2B/1B Protein First Salads are built like the Man Salad. In conventional nutrition salads are composed of equal parts protein, fat, and carbohydrate. In bariatric nutrition the balance changes slightly: 2 parts protein to 1 part carbohydrate with healthy fats added sparingly. When we strive for a balance of two-thirds protein to one-third vegetables and fruit (complex carbohydrates) topped with a healthy dressing, we are likely to enjoy a meal that sits well in the pouch and meets our Protein First requirements.

These salad recipes (in Cooking with Kaye) are created to serve our unique WLS digestive system. After surgery we have a lower level of digestive enzymes which contributes to occasional discomfort and poor digestion when we eat salad and raw vegetables. In our WLS vernacular the expression 2B/1B Rhythm means we eat two bites of protein to one bite carbohydrate. Years ago I started the practice of counting bites, not grams or calories, because it is easy to do in most situations. When we follow the 2B/1B Rhythm we are eating Protein First. I call these 2B/1B Protein First Salads because the counting is built into the recipe. The ratio of 2-parts protein to 1-part carbohydrate translates to a 2B/1B rhythm. Feel free to count bites just to be sure.

Add Cooking with Kaye to your library of WLS books: Learn More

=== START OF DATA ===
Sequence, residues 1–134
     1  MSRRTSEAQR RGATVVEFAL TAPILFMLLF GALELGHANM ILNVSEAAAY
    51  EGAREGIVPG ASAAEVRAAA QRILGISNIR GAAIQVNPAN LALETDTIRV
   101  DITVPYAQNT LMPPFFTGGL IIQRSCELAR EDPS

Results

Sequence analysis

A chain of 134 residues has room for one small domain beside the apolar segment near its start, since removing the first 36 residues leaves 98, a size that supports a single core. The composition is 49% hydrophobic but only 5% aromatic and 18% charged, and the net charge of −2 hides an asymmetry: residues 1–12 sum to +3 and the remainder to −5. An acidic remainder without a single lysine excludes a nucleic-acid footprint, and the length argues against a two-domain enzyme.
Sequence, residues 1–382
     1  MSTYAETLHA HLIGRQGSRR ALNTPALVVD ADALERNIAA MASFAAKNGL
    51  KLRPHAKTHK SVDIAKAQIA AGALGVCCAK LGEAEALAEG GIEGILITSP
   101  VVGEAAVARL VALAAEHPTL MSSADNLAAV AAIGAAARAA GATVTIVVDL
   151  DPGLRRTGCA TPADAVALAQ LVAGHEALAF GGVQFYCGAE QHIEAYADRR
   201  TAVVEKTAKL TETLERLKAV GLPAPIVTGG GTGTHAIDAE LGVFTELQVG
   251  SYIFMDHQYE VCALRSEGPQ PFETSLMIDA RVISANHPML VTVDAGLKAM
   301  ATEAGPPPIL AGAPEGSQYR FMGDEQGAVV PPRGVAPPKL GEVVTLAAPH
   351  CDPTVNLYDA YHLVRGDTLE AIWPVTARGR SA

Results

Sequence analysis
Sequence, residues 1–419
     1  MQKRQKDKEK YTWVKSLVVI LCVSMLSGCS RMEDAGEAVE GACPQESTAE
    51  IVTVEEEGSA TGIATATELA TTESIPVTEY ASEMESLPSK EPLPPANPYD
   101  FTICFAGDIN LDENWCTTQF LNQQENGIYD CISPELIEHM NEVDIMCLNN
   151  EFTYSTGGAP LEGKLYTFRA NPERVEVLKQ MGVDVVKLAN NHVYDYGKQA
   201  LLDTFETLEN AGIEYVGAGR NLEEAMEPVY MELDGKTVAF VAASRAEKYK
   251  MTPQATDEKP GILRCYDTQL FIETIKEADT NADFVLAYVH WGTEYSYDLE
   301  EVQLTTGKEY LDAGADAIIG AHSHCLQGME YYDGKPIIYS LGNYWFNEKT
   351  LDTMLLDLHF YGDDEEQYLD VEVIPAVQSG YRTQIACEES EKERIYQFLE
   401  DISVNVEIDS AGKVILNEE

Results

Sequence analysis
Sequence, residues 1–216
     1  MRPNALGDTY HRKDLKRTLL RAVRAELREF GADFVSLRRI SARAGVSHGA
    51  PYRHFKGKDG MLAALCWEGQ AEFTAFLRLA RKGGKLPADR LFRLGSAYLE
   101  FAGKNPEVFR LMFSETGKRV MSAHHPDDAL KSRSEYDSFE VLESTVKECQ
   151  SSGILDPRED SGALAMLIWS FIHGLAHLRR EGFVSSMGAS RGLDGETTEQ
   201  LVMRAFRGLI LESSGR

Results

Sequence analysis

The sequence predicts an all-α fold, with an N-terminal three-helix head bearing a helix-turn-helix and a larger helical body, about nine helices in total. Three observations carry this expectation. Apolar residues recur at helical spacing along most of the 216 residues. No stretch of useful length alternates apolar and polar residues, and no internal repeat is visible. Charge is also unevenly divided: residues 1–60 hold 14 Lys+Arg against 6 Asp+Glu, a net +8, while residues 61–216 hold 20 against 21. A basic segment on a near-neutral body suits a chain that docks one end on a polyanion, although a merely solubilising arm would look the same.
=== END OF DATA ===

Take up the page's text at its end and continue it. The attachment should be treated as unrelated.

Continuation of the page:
Tuna-Spinach-Strawberry Salad  
A Salad for the Season

Spinach, Asparagus Salad
Spinach-Strawberry Salad
This salad is perfect this time of year. You can build it at the salad bar in your supermarket and simply add one pouch of water pack tuna for a tasty and filling lunch that makes your little weight loss surgery pouch oh-so-happy. Give it a try!
Ingredients 1-2 cups baby spinach or baby spring greens blend

1 cup sliced strawberries
1 Tablespoon cheese of choice (feta is very good!)
1 Tablespoon vinaigrette dressing
1 hard-cooked egg, crumbled
1 (2.6-ounce) Starkist Low Sodium Chunk Light Tuna

Toss all ingredients and enjoy immediately!

Serves 1. Nutrition: 315 Calories; 29 grams Protein; 17 grams Fat; 17 grams Carbohydrate.

Hint: Change-out the tuna for different protein including deli-style turkey or beef, shrimp, sliced steak, shredded chicken. The salad is a suitable foundation to enhance any cold-serve protein. Enjoy!

Dress your salad with viniagrette - Try these Vinaigrette Recipes


cookieFeatured Recipe:
Butterhead Lettuce with Egg Salad and Shrimp
Day 6 by Kaye Bailey 
$25.95 Exclusively from the LivingAfterWLS Store 
Reprinted with permission from